Whether you’re in a new relationship, or have been with your partner for years but want to switch birth control methods, feeling comfortable talking about contraception with your partner is a sign that you trust each other to have open and honest conversations.
Although all partners should be responsible for doing what they can to reduce the risk of STIs and unwanted pregnancy, in the United States women shoulder most of the physical, financial, and emotional burden of birth control, according to the Journal of Sex Research. Some research finds that women are responsible for birth control 90% of the time, even when it involves using condoms.
And yet, birth control benefits everyone in the relationship. Whether you’re not ready to have a baby (or don’t want one), or are trying to prevent an STI, it should be a team effort.
Having a conversation about birth control with your partner is the first step in ensuring you’re both doing what you can to look after yourselves and each other.
Talking about birth control with your partner might not feel sexy, but it will benefit you in the long run.
Research shows that couples who skirt difficult subjects end up being less happy over time. Having a conversation about birth control might be awkward or uncomfortable at first, but it can strengthen a sense of intimacy and trust.
Increased communication and intimacy within relationships are also positively associated with birth control use. Studies show an increased use of birth control in relationships where women feel more at ease communicating with male partners.
It’s also important for couples to communicate about birth control because contraception needs vary from person to person, and from one relationship to another.
Your health and medical history, preferences, lifestyle, and whether or not you want children (now or in the future) all impact what type of birth control will suit you or your partner should be on.
Some forms of contraception are also more accessible and affordable than others, so that will also depend on your income and whether you have health insurance.
While it’s true that women are the ones who can get pregnant — and use birth control to avoid unplanned pregnancy — they can’t get pregnant alone. It takes two to tango!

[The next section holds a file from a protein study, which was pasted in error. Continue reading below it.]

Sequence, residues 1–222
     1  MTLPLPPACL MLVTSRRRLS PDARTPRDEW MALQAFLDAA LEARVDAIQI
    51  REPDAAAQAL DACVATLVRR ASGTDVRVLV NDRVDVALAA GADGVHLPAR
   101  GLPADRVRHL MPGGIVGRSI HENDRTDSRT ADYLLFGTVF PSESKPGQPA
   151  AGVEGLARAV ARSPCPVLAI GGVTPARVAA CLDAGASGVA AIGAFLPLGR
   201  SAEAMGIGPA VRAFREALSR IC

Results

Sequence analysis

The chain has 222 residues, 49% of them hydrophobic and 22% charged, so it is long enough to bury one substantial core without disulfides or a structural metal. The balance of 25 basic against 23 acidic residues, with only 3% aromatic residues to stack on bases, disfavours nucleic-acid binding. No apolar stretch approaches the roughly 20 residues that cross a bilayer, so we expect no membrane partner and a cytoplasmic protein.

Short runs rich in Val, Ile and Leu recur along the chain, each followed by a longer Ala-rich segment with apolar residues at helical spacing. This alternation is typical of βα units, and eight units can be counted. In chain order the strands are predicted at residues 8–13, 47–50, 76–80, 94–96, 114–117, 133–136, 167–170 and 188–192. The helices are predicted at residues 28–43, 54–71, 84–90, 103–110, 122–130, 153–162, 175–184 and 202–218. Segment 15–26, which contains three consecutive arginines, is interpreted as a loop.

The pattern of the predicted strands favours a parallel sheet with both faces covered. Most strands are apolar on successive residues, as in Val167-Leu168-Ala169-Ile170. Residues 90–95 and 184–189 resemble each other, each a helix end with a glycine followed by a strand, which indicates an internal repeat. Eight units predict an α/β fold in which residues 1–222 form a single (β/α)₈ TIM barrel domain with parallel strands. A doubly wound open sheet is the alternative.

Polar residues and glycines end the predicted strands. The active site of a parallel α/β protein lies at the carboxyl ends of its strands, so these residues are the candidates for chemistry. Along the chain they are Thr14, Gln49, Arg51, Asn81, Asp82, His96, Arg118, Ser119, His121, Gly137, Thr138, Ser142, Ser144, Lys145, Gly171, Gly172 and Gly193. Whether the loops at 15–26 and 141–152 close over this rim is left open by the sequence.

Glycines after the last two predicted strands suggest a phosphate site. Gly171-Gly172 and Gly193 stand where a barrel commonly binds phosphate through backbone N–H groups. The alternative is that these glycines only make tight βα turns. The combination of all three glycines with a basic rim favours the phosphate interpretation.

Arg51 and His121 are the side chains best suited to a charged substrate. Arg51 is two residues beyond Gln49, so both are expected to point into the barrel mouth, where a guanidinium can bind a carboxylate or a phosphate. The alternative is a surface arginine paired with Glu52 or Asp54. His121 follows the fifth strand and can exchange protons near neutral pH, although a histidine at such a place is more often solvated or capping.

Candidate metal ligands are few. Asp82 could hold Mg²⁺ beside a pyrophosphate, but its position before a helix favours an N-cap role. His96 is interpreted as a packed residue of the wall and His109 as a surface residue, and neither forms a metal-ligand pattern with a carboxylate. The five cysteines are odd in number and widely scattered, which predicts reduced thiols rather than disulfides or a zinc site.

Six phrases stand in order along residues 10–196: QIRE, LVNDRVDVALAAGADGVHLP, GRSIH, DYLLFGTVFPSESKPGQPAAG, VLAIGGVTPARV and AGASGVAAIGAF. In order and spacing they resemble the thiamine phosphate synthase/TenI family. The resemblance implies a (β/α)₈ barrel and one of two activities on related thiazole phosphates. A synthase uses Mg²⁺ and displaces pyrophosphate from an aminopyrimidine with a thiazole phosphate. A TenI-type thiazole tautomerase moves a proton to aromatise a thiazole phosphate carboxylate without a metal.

Straight couples in exclusive, committed relationships are less likely to use condoms and instead rely on the female partner using hormonal or long-acting methods of birth control. However, research finds that condom use was higher in couples where partners played a strong role in the sexual decision-making in their relationship. Condoms are also the only form of contraception that reduces the risk of both STIs and unplanned pregnancies.
Many forms of hormonal birth control — such as the pill, coil, or implant — can also have unpleasant side effects (mood swings, depression, and weight gain, to name a few) that can seriously impact a person’s quality of life.
The cost can be significant, too. According to Planned Parenthood, IUDs can cost up to $1,300 and hormonal pills can cost up to $600 a year. When you factor in the cost of regular OB-GYN visits, the cost is even higher.
Partners who aren’t on birth control can check in with their wives or girlfriends and recognize the emotional and physical sacrifice they’re making for the benefit of the relationship. Discuss how birth control is affecting them, and how you can contribute to something that’s benefiting both of you.
The burden of birth control is a big one, so it’s only right that couples foster a safe space where a partner can bring up how taking birth control is affecting them — physically, mentally, or financially.
Talking openly about birth control allows partners to communicate how birth control is taking a toll on them, and share some of that pressure.